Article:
Listener Lyric

The lyrical essay was the most fun I’ve had in English for all of high school. In my opinion, lyrical essays are the new creative non fiction. Lyrical essays brings together all forms of writing and lets the reader relive a memory or a concept in perfect junction.

Sorry: A Conversation

“Well, do you have anything else to say?”

Yes, matter of fact. You have so much to say. “It’ll take too long.”

“Well, I’ve got time.”

Sitting there, your eyes well up, an influx of indescribable colors cascading in your heart, guilt aching the cogs of your slowly rusting Clock. 

You want to say it.

How, when you landed in the Great Belly of the Beast, instead of feeling that Hope they say you will feel in those movies and commercials, you feel a sort of Dread and Weariness.. Apprehension. That’s it. 

How, when you first arrived at your uncle’s house, instead of the warm welcome you expected, you got a sit down: the rent, where you were going to sleep, where you were going to do your laundry. 

How, when you grew up in Korea, you never had much. Being the youngest out of three, everybody always counted you out, but you never backed down from anything. 

You wish you could tell the story of when your oldest sister got shouted at by one Boy, that you marched over from the courtyard and pushed him to the ground, and when the first words he said to you were, “Tell your sister to stop being a bitch,” you stomped on his ankle.

Or, whenever He beat up your mother, you were the one to go into work for her, lying, lying, always fucking lying about why your mommy was out, you were the one to shout back at Him, and no matter how many times He hit you, you stood back up, ‘Fuck you.’ 

How, you never cried in front of people because you couldn’t afford to be weak.  

How, your pride was stripped as you sat there at the table and didn’t question the conditions: A small garden shed filled with dirt in the backyard, $200 a month, Santa Clara Launderland. 

As they kept on saying, “In America, this is how it is,” you couldn’t help but question if sleeping in a garden shed fell into “This is how it is.”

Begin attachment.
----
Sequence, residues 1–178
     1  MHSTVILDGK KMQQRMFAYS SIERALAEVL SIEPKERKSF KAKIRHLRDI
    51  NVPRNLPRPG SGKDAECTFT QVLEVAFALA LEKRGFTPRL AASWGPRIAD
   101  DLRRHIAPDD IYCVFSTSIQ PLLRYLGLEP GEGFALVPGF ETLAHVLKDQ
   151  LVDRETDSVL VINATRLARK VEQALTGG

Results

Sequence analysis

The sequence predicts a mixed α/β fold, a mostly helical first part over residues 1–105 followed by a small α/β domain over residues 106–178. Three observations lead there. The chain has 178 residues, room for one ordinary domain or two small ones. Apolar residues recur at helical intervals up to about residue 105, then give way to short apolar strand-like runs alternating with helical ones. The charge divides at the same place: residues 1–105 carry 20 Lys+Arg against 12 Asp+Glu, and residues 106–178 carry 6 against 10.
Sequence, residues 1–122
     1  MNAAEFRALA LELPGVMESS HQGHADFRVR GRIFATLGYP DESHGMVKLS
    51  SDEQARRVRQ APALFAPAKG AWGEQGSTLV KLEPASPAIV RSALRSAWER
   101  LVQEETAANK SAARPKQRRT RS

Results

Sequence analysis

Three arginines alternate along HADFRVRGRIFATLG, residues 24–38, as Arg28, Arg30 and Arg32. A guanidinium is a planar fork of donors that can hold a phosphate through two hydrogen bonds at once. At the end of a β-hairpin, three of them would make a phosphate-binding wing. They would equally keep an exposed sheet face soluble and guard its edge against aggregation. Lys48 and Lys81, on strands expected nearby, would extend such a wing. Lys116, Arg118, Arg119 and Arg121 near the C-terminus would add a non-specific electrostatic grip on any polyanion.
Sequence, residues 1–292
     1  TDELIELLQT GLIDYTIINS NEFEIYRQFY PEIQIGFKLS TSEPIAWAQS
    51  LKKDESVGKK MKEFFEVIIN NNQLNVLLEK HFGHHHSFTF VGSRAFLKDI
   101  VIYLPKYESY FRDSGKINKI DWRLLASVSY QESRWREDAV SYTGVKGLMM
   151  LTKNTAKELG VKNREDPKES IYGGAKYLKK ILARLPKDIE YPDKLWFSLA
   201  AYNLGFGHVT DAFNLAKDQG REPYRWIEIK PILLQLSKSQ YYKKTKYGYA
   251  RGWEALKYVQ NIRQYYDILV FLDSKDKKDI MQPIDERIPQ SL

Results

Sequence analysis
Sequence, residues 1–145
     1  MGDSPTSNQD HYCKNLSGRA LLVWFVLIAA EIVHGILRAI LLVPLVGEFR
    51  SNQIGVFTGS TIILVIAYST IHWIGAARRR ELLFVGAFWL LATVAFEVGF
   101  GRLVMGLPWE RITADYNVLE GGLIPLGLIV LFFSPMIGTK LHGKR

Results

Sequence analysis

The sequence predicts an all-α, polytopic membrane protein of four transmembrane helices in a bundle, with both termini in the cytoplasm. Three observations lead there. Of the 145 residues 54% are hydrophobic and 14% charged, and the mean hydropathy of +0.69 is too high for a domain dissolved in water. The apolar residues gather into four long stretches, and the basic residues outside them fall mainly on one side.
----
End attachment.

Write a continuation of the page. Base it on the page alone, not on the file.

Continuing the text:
How, a few months later, it was your first year wedding anniversary with your strong, strong husband, and as a “courtesy” They let you sleep on the couch. And as We curled up on that small couch, you Cried. Cried like you hadn’t since your wedding day. 

You wish you could talk about the reason why the loud, abrasive, Aunt Wang will always be the one person you can trust. 

How, one day during class at the English adult school, when seeing the bites from the bugs in that garden shed, she forced you to tell her about your living conditions, to which she slammed her phone to the ground, ran out the room, and got a speeding ticket driving over to your aunt and uncle’s house.

And although you don’t know what she said, all you know is that when you went to go pick up your things to move in with Aunt Wang temporarily, They wouldn’t look you in your eyes. 

How, when September 11, 2001, in your apron at the sushi restaurant as you watched the news anchor cry and scream about the Buildings on Fire, the guy you were serving breaking down because his brother was in that Building, all you could ponder about was how you were going to make $600 in one day to pay rent, what you were going to do about The Miracle in your stomach, what bus you were going to ride to your next job. And even now, when you think about that day you still can only remember the Despair you felt worrying about these things.

How, even to the moment the Miracle was extracted into this Horrible, Horrible World, you were planning on sending Him to Korea, until you and your Love could make enough money, because you could not even imagine a life for a baby where the mother and father could not even provide their Time and Love.

How, in that moment The Baby started crying because the world was so cold and loud, the River was unleashed inside, and you could not breathe as you wailed into the night, “I can’t do it! I can’t do it!” And as your Love held you and the Baby, you felt Love and Peace at magnitudes you had never felt, and all you knew is that it felt so, so right. 

Now you sit at the table, the overhead light slowly swinging back and forth like a monkey on a vine. 

“Did you have anything else to say?”

And as you look at The Not-So-Baby across the table, you feel an ache in your heart. It seems as if it had been yesterday that He was The Baby, sitting there quietly in the garage every night, waiting for his Mother and Father to come, to hold him, telling him everything was all right. 

That he was in the 1st grade, always careful to not ask for anything because He knew. 

As he looks at you with Concern on his face, you can’t help but smile with Tears in your Eyes, and laugh. And as that Sadness evolves, you feel It grow in you. 

You open your mouth. 


This essay was fairly easy to write. I had a super long conversation with my mother, who immigrated to the United States in 1999, and only two years later gave birth to me. Our family’s struggle and hardships only made our rise even higher and now we are in an exponentially better situation than we were 18 years ago.